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1985: Hippies clash with police at Stonehenge
More than 300 people have been arrested after an attempt by police to prevent a convoy of hippies reaching Stonehenge led to a violent confrontation.

The travellers were on their way to the ancient stone circle in Wiltshire for an illegal festival but were stopped seven miles from their destination by 500 police officers, who blocked a road and refused to let them pass.

Officers from six different forces dropped 15 tons of gravel onto the road and used council vehicles to block the path of the 140-vehicle convoy.

What happened next is hotly disputed. Police have said they came under attack, being pelted with lumps of wood, stones and even petrol bombs.

But those in the convoy insist that police "ambushed" their peaceful procession of vehicles, methodically smashing windows, beating people on the head with truncheons as they tried to surrender, dragging women along by their hair, and using sledgehammers to damage the interiors of their coaches.

Protesters have accused the police of reacting with extreme brutality to an essentially peaceful gathering.

After the initial police intervention some 200 people - including mothers with small children and babies - fled into a nearby field.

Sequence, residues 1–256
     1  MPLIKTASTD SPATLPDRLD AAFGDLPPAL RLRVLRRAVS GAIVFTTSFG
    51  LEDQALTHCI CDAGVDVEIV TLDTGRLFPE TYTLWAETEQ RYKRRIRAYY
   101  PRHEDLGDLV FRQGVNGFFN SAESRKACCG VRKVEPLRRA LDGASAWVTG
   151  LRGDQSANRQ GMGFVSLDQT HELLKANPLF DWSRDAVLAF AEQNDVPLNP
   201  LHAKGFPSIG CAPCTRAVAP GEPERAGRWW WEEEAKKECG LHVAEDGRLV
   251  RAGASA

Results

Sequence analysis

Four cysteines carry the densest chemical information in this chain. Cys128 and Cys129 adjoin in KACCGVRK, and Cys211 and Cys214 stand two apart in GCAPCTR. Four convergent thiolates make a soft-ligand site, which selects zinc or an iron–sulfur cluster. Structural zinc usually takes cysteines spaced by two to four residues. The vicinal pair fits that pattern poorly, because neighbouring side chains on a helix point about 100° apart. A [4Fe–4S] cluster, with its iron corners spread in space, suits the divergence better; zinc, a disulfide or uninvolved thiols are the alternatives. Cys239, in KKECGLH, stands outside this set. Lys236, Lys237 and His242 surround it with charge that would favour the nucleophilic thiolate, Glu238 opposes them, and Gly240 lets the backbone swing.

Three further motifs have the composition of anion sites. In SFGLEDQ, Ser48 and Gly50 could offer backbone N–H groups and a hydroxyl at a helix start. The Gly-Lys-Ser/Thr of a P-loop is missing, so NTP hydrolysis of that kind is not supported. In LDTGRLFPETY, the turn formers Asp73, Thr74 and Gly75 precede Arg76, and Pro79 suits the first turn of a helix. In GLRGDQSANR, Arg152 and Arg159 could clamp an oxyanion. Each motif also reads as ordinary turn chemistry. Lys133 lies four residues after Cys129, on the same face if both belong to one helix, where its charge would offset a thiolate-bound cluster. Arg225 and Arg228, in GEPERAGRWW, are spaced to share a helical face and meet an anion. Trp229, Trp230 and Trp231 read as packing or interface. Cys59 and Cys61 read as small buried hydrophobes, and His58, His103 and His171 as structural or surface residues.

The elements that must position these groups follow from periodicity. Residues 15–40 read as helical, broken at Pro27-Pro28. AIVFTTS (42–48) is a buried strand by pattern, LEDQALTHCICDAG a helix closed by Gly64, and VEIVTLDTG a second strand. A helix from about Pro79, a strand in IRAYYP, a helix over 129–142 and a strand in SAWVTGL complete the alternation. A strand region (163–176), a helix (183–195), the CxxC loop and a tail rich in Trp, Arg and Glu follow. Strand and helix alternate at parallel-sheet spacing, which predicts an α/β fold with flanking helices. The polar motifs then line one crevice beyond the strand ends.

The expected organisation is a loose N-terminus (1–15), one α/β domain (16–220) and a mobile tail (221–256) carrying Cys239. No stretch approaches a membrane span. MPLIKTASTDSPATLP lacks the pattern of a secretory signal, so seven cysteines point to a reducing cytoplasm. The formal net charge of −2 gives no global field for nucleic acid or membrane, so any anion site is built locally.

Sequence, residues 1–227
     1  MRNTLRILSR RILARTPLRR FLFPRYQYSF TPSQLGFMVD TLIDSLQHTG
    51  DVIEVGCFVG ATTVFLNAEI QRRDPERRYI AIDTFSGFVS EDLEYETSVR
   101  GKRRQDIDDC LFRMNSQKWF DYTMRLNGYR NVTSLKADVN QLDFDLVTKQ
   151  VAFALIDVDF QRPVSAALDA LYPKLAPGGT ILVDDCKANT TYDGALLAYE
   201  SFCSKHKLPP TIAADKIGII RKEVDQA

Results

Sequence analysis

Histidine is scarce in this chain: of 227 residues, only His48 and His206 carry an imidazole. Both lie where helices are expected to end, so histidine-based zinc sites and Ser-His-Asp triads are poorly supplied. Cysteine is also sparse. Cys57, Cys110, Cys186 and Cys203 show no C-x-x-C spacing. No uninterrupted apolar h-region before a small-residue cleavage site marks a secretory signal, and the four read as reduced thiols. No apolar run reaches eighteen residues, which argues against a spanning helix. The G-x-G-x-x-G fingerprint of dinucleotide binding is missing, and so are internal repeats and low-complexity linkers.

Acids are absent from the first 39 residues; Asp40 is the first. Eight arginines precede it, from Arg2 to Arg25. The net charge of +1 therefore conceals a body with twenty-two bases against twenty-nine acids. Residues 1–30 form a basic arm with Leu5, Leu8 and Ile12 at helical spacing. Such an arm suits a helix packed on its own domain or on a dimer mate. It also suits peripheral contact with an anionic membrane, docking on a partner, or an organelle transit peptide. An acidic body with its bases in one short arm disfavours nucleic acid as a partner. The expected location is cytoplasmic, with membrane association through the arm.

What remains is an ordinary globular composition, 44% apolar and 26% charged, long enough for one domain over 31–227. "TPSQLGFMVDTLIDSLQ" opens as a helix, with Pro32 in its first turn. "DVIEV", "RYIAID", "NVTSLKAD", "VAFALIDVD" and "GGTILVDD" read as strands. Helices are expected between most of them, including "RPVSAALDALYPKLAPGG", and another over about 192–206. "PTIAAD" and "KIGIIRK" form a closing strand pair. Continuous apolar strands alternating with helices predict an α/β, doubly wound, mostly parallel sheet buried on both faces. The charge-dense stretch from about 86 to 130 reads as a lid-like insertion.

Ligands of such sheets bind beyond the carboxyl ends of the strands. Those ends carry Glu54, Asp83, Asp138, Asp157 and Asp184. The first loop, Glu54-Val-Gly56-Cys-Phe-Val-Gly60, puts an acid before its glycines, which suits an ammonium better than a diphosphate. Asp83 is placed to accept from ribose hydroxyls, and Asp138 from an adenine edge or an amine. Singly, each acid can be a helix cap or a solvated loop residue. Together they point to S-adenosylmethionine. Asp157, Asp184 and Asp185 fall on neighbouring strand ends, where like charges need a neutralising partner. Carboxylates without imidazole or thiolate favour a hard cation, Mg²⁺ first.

Four hours later, following an appeal by the authorities, some of the protesters left quietly.

Twelve injured people were taken to hospital and 200 were ferried away by police, leaving behind fires and damaged vehicles.

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Thousands flock to Stonehenge every year

Police and hippies clash at Stonehenge

In Context
The Battle of the Beanfield, as it became known, was the first major test of an English Heritage ban on midsummer festivals at Stonehenge.

Two years later a Wiltshire police sergeant was found guilty of having caused actual bodily harm to a member of the hippy convoy.

Travellers sued the police for damages for alleged wrongful arrest, false imprisonment and damage to property, and in February 1991 a jury at Winchester crown court awarded a total of 24,000 to 21 hippies.

English Heritage's ban was lifted in 2000, and druids have since shared the site with young revellers who use it as a party venue.

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